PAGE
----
A day in the life of climate change

Posted on February 1, 2011

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I went out for a walk down by the river last week.  It was the first sunny day, warm, after many days of rain.  I also suspected, feeling the warmth in the air, that the cherry blossoms might start responding to the spring weather.  And I was right.  Pink blossoms popping out of their buds on January 26th.

When I was young–and I am not that terribly old yet–kids could go skating in the wide ditches of the Fraser delta, and they did.  Things have changed.

You don’t have to look very far or search very long to find examples of climate change everywhere.

Here is what I found just today.

At the Weather Underground website, they are discussing the approach to Queensland of Tropical Cyclone Yasi.  You know Queensland.  According to the Australian Bureau of Meteorology, the September to December period just past has been the wettest in Queensland’s history.

Wettest.  Worst.  Most.  Those are the kinds of words you can expect with climate change.  Extreme words in an extreme climate.

Tropical Cyclone Yasi is expected to reach Category 4 strength (the strength of Hurricane Katrina), bringing wind, storm surge and torrential rains.  Oh yes.  More rain for already flooded Queensland.  According to official sources, Yasi may be the biggest cyclone Queensland has ever faced.

Biggest.  Another one of those words.  Climate change is predicted to make storms worst, and Yasi may be an example.

The Weather Underground also mentions Tropical Cyclone Wilma, which just brushed past New Zealand’s North Island.  Apparently it was the worst cyclone to reach New Zealand in 14 years.

Another storm system discussed on Weather Underground website is a huge snow and ice storm expected to affect up to 100 million people in the US Midwest, dropping snow, creating dangerous ice conditions, and so on.  This upcoming storm—although I am only guessing here—appears to be related the winter weirding that has been affecting North American winters recently.  According to some climatologists, climate change has unbalanced the climate system which used to prevent Arctic air from drifting south in the winter.  Meaning, yes, that global warming could be the cause of more severe winter weather in some places.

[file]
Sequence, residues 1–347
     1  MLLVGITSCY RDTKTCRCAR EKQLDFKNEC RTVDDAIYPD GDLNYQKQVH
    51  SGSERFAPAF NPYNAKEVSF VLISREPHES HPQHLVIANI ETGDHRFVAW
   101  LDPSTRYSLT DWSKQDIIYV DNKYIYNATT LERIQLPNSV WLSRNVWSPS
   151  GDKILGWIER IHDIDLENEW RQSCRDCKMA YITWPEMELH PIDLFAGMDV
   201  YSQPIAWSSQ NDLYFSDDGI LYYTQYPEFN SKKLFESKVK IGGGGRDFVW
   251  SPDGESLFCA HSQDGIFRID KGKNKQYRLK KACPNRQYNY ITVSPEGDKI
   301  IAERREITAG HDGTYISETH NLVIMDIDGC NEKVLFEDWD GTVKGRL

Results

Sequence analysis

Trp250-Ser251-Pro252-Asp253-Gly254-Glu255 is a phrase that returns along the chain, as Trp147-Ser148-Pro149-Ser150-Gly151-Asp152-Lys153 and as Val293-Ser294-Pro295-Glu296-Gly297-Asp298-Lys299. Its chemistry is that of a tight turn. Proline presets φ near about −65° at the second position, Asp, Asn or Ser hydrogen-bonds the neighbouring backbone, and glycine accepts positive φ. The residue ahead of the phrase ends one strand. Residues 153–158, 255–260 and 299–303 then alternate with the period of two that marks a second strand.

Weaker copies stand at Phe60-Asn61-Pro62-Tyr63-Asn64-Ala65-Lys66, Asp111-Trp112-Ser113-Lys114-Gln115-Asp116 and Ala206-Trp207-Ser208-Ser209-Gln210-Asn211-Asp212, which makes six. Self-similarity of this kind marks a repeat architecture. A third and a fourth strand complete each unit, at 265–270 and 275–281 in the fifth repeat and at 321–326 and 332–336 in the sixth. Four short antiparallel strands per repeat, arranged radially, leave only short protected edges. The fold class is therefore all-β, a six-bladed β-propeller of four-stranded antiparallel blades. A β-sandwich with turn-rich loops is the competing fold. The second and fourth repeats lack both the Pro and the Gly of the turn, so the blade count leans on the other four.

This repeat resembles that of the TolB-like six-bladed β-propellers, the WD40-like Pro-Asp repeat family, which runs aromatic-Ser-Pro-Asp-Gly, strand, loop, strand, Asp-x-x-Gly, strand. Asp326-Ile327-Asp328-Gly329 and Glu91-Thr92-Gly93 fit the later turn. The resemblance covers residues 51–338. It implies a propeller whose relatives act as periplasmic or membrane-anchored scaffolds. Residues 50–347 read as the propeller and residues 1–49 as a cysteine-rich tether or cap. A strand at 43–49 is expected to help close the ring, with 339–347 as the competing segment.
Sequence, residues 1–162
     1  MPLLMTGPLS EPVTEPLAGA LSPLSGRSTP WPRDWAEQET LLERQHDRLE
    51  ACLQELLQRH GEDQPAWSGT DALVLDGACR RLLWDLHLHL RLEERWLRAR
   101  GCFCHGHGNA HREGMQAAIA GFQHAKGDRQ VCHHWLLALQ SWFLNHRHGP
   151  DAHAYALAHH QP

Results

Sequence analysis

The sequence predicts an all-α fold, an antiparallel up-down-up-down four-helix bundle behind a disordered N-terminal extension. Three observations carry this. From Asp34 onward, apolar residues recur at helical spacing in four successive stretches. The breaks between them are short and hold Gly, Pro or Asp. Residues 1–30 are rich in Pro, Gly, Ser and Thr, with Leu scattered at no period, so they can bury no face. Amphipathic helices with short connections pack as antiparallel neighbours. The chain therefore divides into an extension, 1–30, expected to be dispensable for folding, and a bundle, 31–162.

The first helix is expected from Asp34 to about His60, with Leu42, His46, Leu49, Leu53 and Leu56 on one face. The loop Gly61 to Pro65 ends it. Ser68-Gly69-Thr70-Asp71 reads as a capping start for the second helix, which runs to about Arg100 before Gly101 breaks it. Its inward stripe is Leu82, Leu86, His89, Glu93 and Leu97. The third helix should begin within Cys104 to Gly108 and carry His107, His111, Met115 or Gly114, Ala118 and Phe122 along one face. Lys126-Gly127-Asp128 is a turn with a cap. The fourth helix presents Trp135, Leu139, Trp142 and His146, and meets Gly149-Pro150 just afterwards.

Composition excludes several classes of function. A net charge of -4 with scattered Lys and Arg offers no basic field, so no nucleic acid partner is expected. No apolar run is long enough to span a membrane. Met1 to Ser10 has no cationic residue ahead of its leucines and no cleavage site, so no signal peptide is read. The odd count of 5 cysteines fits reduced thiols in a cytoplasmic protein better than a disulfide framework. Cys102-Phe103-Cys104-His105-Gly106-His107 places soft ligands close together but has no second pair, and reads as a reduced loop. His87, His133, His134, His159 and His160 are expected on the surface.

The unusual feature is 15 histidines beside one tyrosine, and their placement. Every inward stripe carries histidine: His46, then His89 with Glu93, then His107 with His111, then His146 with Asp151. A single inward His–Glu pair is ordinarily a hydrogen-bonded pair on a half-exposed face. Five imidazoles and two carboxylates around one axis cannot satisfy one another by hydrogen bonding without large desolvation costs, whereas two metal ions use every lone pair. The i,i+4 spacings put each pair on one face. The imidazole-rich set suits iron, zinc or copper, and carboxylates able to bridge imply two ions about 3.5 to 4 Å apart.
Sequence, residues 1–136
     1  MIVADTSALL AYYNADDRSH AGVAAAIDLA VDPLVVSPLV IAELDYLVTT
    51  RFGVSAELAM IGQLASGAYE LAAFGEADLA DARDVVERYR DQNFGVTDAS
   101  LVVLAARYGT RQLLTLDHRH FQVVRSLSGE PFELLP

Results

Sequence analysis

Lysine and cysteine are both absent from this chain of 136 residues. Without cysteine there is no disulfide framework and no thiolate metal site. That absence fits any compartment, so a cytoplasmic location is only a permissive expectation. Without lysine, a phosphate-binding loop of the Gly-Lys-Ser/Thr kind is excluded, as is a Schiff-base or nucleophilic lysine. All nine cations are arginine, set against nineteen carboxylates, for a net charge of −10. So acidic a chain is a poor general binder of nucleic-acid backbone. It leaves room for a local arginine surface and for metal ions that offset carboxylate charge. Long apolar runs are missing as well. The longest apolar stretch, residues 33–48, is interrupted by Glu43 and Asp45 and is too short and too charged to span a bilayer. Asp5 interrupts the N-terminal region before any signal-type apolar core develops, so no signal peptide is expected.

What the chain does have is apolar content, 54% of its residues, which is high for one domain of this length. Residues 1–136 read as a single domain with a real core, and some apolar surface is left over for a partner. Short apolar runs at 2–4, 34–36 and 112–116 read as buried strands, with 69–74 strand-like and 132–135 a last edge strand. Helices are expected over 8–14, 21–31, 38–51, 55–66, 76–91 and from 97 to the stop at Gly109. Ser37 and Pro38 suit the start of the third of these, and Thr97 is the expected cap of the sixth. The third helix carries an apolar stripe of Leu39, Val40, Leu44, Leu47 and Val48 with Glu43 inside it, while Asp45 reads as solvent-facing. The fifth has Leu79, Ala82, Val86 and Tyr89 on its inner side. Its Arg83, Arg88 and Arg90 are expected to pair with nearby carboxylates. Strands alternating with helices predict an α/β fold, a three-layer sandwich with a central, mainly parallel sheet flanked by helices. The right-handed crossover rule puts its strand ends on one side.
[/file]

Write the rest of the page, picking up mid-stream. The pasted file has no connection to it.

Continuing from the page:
But that is because  places like the Arctic are far warmer than usual.

Which brings me closer to home.  This morning I find a story about a Canadian ice camp being abandoned by scientists on the Arctic Sea because the ice it is built upon is threatening to melt beneath them.

When the Arctic Ocean refuses to freeze over in the dead of winter, there is some serious warming going on.

And then there is Egypt.  The people there are demanding a change in government, and some expect that change to take place today.  Why today?  Because yesterday they were hungry.  Hungry people are much less tolerant of tyrants.  Because food prices have gone up ever since the heat wave induced crop failures in Russia and the Ukraine.

The most extreme heat wave in modern history.  Connected to the warming oceans.

It’s climate change.  Expect the extremes.

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Find the Weather Underground blog here:

http://www.wunderground.com/blog/JeffMasters/article.html

Find the Canadian ice camp story here:

http://www.cbc.ca/canada/north/story/2011/01/31/cda-arctic-ice-camp-dangerous.html

Find the report on winter weirding here:

http://www.youtube.com/watch?v=M_lYbp2zxVg

A discussion of food prices and the events in Tunisia and Egypt can be found here:

http://climateprogress.org/2011/01/30/egyptian-tunisian-riots-food-prices-extreme-weather-and-high-oil-prices/

And here:

http://www.scientificamerican.com/blog/post.cfm?id=are-high-food-prices-fueling-revolu-2011-02-01